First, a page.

Executive-produced by Alex Gibney – the man Esquire magazine once said is “becoming the most important documentarian of our time", tonight’s film ELIAN is flawlessly executed, with a fascinating subject at its heart.
It tells the remarkable story of Elian Gonzalez, the 6-year-old Cuban boy who rose to international fame after he was plucked from the Florida Straits on Thanksgiving Day in 1999. Footage of his rescue went worldwide, and when it was coupled with the news that he was the sole survivor of an ill-fated sea journey, hearts everywhere went out to the sad little boy. His mother, Elizabeth, and nine other people who were taking part in the clandestine trip drowned after their rickety boat capsized in high seas as they made their way from Cuba to the United States, and Elian was sent to live with relatives in Miami.
Soon, a custody battle erupted between Gonzalez's Cuban father and his aforementioned Miami-based relatives that sparked a flashpoint for long-simmering post-Cold War U.S. and Cuban tensions. The poor, lost little boy effectively became a political football. His Miami relatives argued passionately that if Elian was sent back to Cuba, he would become a brainwashed trophy for Cuban leader Fidel Castro in his long-running feud with the US. Miami’s Cuban-American population joined in their fight, saying they too wanted him to remain in the U.S. to flout their defiance of Castro. The U.S. Department of Justice, led by Attorney General Janet Reno, wanted to send him back to avoid a nightmare situation with Cuba, but also feared the inevitable political fallout.
On the Cuban side, Elian's father, Juan Miguel, fought to bring the boy back to Cuba, whilst Castro led massive protests of his own on the island demanding Elian's return. When Elian's relatives in Miami continued to refuse to hand him over, a nighttime raid was put into action to get him out. Armed federal agents stormed the home of his uncle and seized the boy, with an Associated Press photograph of the terrified child, cowering as an officer in riot gear points an assault rifle at him, went global and inflamed passions even more.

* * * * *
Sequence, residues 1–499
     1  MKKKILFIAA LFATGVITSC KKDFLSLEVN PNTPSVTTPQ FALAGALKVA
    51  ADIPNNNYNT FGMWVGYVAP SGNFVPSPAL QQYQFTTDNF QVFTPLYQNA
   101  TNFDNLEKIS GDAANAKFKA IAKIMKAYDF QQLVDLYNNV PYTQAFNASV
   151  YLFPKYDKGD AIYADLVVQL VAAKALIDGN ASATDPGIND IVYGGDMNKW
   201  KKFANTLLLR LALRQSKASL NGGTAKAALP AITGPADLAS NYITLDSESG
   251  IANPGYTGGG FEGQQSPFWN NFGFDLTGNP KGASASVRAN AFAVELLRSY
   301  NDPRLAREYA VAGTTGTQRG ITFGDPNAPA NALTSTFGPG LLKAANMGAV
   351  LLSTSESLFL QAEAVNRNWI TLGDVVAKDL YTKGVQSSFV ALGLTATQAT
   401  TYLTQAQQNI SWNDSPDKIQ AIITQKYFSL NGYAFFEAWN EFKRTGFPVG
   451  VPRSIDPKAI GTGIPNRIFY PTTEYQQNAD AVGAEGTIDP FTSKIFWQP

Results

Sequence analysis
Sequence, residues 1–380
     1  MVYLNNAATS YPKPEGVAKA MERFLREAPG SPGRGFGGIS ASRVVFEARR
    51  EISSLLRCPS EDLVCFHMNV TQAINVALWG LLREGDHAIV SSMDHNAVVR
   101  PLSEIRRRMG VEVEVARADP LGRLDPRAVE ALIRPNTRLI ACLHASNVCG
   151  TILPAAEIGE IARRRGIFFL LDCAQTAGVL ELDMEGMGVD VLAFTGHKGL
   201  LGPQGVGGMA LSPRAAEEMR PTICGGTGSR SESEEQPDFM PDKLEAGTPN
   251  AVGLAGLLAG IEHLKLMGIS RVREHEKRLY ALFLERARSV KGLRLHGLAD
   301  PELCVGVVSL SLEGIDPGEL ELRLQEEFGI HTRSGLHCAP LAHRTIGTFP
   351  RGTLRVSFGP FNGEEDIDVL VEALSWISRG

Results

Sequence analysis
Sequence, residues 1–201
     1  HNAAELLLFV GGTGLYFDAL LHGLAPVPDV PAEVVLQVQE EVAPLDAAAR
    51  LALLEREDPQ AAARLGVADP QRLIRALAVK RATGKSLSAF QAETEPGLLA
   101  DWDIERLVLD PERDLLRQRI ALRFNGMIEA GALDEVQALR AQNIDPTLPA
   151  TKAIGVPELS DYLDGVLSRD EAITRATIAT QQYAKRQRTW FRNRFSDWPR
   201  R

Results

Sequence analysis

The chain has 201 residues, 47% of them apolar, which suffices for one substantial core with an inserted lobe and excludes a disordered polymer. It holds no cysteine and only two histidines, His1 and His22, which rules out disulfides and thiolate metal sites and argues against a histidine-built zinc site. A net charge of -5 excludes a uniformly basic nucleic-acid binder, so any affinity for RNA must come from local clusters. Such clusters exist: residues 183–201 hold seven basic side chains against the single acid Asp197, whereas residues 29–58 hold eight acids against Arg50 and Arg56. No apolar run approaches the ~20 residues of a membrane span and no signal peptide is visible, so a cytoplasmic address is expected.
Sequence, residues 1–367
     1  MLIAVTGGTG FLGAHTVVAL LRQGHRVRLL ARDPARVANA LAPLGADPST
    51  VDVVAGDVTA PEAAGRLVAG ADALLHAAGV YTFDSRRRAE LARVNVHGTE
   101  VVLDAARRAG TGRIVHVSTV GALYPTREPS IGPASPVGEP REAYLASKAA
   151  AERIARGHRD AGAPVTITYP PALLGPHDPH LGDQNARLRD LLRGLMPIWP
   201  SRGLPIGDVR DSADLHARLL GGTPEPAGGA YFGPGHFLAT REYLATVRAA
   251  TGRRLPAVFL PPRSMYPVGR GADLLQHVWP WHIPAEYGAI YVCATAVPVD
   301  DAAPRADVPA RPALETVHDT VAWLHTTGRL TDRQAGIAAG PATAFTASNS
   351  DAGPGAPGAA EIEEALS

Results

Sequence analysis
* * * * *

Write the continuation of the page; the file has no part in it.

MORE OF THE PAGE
Rioting broke out in Miami as many in the Cuban-American community reacted in anger, but after Elian was reunited with his father the Supreme Court rejected the Miami relatives' efforts to get him back. Father and son flew home to Cuba, and the boy – now a man – remains there to this day.
When little Elian returned to Cuba in 2000, the idea was for him to slip right back into a life far from the glare of the media spotlight he had endured in Miami. Seventeen years later, it hasn't quite worked out that way, but he seems to be a well-adjusted young guy and proud of his past. At 23 he is reportedly one of the most identifiable figures on the island and one of his generation's most outspoken supporters of the Cuban Revolution. He graduated from a military academy in 2016 with a degree in industrial engineering, and after Castro pretty much adopted him as a grandson, he seems none the worse for his childhood trauma.
The film tells his tale using archival footage as well as interviews with the subject today, and it is extremely well edited so as to get the maximum benefit from both. When Castro died at the end of last year, Gonzalez played a key role in the official mourning. "He was like a father," he said. "I wanted to show him what I had achieved so he would be proud of me." If he’d stayed in Miami the outcome could have been quite different I reckon, so give the film a watch and see what you think.
ELIAN premieres Thursday 28 September at 8.30pm
Watch trailer here
Remote record here